Xinjiang combats terrorism-1
S M Hali
The global spread of terrorism and extremism over the years has inflicted agony on humanity. Some of the most notorious terrorist attacks include: the September 11 attacks in 2001 that killed 2996 people in the USA; the Bali bombings on 12 October 2002 that killed 202 people in Indonesia; the Madrid train bombings on 11 March 2004 that killed 190 and injured over 1500 people in Spain; the Beslan school siege on 1st September 2004 that killed 335 people, including 186 minors, and injured 958 people, in Russia; the London bombings on 7 July 2005 that killed 52 and injured over 700 people in the UK; the Mumbai attacks on 26 November 2008 that killed 195 and injured close to 300 people in India; the shooting on 22 July 2011 that killed 77 people in Oslo, Norway; the Westgate shopping mall attack on 22 September 2013 that killed 72 and injured 168 people in Nairobi, Kenya; the 16 December 2014 Army Public School Peshawar terror attack which took a toll of 149 lives including 132 children; the Paris attacks on 13 November 2015 that killed 132 and injured more than 300 people in France; the Brussels bombings on 22 March 2016 that killed 35 and injured over 300 persons in Belgium; the Berlin truck attack on 19 December 2016 that killed 12 and injured 49 people in Germany; the Istanbul nightclub shooting on 1st January 2017 that killed 39 and injured 69 people in Turkey; the Sinai mosque attack on 24 November 2017 that killed 235 and injured 109 people in Egypt. According to incomplete statistics, in 2018 there were 1,127 terrorist attacks globally, causing 13,000 deaths.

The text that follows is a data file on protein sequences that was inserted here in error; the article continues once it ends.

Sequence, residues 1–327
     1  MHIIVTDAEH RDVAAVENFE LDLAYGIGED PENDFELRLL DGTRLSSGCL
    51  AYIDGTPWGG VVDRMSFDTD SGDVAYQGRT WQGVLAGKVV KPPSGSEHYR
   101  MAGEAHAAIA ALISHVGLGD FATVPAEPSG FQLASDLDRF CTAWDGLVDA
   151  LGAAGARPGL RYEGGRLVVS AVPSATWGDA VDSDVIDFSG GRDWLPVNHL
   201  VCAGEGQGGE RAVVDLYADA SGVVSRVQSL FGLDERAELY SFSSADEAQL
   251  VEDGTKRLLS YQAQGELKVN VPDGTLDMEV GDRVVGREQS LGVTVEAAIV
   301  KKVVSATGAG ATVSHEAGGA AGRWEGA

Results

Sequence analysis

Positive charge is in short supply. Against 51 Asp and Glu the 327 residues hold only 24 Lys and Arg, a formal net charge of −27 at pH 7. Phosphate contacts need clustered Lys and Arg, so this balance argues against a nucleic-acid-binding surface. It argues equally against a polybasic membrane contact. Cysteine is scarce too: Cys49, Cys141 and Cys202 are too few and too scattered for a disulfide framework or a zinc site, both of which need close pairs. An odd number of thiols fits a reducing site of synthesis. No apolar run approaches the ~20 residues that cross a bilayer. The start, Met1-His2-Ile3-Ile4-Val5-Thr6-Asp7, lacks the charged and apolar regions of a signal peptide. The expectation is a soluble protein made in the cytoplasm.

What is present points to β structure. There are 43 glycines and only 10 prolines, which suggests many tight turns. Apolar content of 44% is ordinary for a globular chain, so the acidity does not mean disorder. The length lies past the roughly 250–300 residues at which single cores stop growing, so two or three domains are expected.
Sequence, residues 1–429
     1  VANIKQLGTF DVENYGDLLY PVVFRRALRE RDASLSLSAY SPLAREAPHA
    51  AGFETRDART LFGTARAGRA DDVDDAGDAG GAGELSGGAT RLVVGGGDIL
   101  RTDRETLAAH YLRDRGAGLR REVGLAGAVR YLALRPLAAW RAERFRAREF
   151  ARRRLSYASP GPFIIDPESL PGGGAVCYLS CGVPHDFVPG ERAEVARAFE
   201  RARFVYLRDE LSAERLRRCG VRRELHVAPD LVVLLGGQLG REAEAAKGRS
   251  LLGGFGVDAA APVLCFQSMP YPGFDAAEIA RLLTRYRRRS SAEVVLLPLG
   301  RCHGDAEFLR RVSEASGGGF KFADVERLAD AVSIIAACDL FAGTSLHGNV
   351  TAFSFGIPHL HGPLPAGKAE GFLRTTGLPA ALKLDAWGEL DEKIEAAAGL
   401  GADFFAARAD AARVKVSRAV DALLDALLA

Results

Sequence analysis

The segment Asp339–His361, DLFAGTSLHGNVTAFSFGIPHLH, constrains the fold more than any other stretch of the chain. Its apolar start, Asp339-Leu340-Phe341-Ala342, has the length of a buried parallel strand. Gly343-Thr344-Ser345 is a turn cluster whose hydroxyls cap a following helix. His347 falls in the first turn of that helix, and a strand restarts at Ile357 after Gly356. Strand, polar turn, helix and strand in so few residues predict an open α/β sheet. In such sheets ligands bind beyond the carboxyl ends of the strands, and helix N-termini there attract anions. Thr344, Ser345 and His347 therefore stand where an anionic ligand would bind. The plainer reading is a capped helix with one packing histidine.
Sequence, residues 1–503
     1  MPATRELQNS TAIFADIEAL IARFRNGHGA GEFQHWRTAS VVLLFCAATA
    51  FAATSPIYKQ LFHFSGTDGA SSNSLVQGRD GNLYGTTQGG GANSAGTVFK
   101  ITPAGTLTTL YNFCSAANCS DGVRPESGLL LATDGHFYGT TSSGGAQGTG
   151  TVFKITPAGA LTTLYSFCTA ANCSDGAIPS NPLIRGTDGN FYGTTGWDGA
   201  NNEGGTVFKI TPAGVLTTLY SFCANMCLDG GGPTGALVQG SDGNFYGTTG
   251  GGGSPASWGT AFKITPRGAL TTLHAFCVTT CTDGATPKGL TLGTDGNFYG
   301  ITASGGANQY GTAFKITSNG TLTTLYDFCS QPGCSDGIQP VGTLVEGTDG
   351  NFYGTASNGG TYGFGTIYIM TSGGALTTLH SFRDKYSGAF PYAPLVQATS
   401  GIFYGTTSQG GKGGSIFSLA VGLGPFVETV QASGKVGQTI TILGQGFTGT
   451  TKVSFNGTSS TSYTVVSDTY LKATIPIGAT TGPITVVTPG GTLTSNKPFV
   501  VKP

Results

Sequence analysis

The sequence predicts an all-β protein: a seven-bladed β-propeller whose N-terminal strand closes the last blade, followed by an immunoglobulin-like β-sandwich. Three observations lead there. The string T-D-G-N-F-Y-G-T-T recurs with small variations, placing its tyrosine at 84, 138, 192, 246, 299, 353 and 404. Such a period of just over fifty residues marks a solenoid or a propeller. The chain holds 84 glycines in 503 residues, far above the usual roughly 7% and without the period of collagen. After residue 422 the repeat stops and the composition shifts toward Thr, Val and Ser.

Thus, the scourge of terrorism is an international curse. The most populous country of the world, China, has not escaped the cruel effects of terror attacks. Xinjiang, which is China’s largest province, faced the brunt of terror attacks but prudent planning, astute handling and a firm resolve to eradicate the causes of the problem have enabled Xinjiang to overcome this challenge.
The strategy employed by the Chinese government and the Communist Party of China (CPC) in handling this major crisis makes fascinating reading and there are lessons from it for the entire world. To understand the roots of the problem, it is imperative to delve slightly deeper into Xinjiang’s rich history and past.